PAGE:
Take the 2-minute tour ×
Stack Overflow is a question and answer site for professional and enthusiast programmers. It's 100% free, no registration required.

I'm trying to reformat a previous question I posed in a more meaningful way here. If I'm not asking the correct question, or not providing enough information please let me know.

I have data coming in from a Pi that is in the below format and I would like a meaningful way of representing the data in the datastore (ndb)to limit my writes when it arrives, and limit the number of queries I need to make to find the correct place to put the data (aka Zone):

Data comes like this:

{'rssi': '*', 'source_addr': '87:ea:66:be:19:d9', 'id':'rx_io_data', 'samples': [{'adc-0': 253, 'adc-1': 2}, {'adc-0': 252,'adc-1': 2}, {'adc-0': 252, 'adc-1': 2}, {'adc-0': 253, 'adc-1': 1}, {'adc-0': 252, 'adc-1': 2}], 'options': '\x00'}

I've highlighted the information that is important (I don't need code for putting data in. more an appropriate structure for my models)..

So I will use the MAC address to find the "Zone" the readings should be associated with, then I will need to use Zone to lookup associated sensors (seems convoluted),then map the sensor (adc-0, adc-1) to it's human readable mapping( temperature, or heart monitor). I want to keep the total readings, and the individual sensor readings such that later I can query for all heart monitor sensors in all zones, or per zone...

So far I have this which seems convoluted and requires a lot of querying and puts:

class Sensors(ndb.Model): # parent Zone
    sensorname = ndb.StringProperty(required=True) # Heart, Temp
    sensorpin = ndb.StringProperty(required=True) # adc-0, or adc-1 ... 

class Zone(ndb.Model):
    zname = ndb.StringProperty(required=True) # Name of zone like "Room# or Patient#"
    zonemac  = ndb.StringProperty(required=True) # MAC of network adapter
    homekey = ndb.KeyProperty(kind=Home, required=True)
    datecreated = ndb.DateTimeProperty(auto_now_add=True)

class Readings(ndb.Model): # parent Zone
    datecreated = ndb.DateTimeProperty(auto_now_add=True)
    alldata = ndb.JsonProperty(required=True) # store all the readings in json for later debug

class Reading(ndb.Model): # parent is Sensor or zone ? individual sensor readings ?
    readingskey =  ndb.KeyProperty(kind=Readings, required=True) # full reading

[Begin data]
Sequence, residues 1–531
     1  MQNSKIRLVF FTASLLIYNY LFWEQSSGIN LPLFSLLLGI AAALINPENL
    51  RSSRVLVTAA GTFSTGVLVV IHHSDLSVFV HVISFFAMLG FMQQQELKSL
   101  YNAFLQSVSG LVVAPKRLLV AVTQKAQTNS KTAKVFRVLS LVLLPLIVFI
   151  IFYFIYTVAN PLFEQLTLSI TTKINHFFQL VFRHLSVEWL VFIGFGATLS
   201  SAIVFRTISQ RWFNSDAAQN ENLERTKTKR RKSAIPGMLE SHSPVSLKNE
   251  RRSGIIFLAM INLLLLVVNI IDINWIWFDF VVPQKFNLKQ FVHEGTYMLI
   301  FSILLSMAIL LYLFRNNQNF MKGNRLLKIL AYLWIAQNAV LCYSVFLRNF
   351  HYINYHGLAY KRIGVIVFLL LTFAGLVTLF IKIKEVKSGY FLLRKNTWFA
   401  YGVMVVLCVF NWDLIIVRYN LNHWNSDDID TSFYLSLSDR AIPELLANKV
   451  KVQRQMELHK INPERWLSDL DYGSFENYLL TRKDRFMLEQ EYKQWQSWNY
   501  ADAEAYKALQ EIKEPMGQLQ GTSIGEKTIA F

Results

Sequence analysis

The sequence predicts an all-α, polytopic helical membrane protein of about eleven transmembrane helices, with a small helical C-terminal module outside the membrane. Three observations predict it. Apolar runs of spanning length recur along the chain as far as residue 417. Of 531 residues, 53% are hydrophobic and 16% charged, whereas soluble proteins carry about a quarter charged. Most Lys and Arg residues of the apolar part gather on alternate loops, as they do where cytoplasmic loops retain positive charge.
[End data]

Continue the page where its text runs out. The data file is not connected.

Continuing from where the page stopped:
value = ndb.IntegerProperty(required= True ) # or 0
    name = ndb.StringProperty(required = True) # Heart sensor, temp sensor,... )

Potential Option:

class Sensors(ndb.Model):
    sensorname = ndb.StringProperty(required=True) # Heart, Temp
    sensorpin = ndb.StringProperty(required=True) # adc-0, or adc-1 ... 

class Zone(ndb.Model):
    zname = ndb.StringProperty(required=True) # Name of zone like "Room# or Patient#"
    zonemac  = ndb.StringProperty(required=True) # MAC of network adapter
    homekey = ndb.KeyProperty(kind=Home, required=True)
    sensors = ndb.StructuredProperty(Sensors, repeated = True) #sensors you can get sensor name but how do you map to adc-0 or whatever
    datecreated = ndb.DateTimeProperty(auto_now_add=True)

class Readings(ndb.Model): # parent Zone
    datecreated = ndb.DateTimeProperty(auto_now_add=True)
    alldata = ndb.JsonProperty(required=True) # store all the readings in json for later debug
    individualreading = ndb.StructuredProperty(Reading, repeat=True)

class Reading(ndb.Model): # parent is Sensor or zone ? individual sensor readings ?
    readingskey =  ndb.KeyProperty(kind=Readings, required=True) # full reading
    value = ndb.IntegerProperty(required= True ) # or 0
    name = ndb.StringProperty(required = True) # Heart sensor, temp sensor,... )

The trick is all I get from the devices are MAC and sensor mappings (ADC-0, ADC-1 and values)

So I need to look for the zones they belong to, and the sensors they map to to later search for them..

I have done very little database modeling so I have no clue how to do the modeling for this. I could create new models and reference them with key properties or created structuredproperties and query for those (eliminating the Sensors model) but then still having to do Readings and Reading after the lokups.

Any help is much appreciated.

And yes I've read the ndb properties and Filtering queries by structured properties and a few similar SO posts like this one.

share|improve this question

1 Answer 1

I guess using a StructuredProperty would save a small amount of write operations. What I would propose though is figuring out which properties don't have to be indexed and declaring them with option indexed=False. As stated on the documentation, " Unindexed properties cost fewer write ops than indexed properties.", and by experience I can tell you that you can really save a lot of write ops this way.

share|improve this answer
    
Thanks, Is my thinking of how to create these models correct. Is this an acceptable database design for the spec's laid out or am I drastically overcomplicating this. –  prussiap May 2 '13 at 4:38
2  
You are overcomplicating things a bit. Your thinking seems more appropriate for a relational SQL DB. In a NoSQL datastore like App Engine's Datastore, it makes more sense to have the data "flattened down" instead of using complex relationships, even if the data gets copied to multiple tables. For example the Reading table could also hold the Zone and Sensor key making the path to find the required data shorter and saving you a few reads. And since you will be using the key to retrieve the data, the ndb's internal memcache will, in most cases, return the data without querying the datastore. –  nizz May 3 '13 at 13:44

Your Answer

 
discard

By posting your answer, you agree to the privacy policy and terms of service.

Not the answer you're looking for? Browse other questions tagged or ask your own question.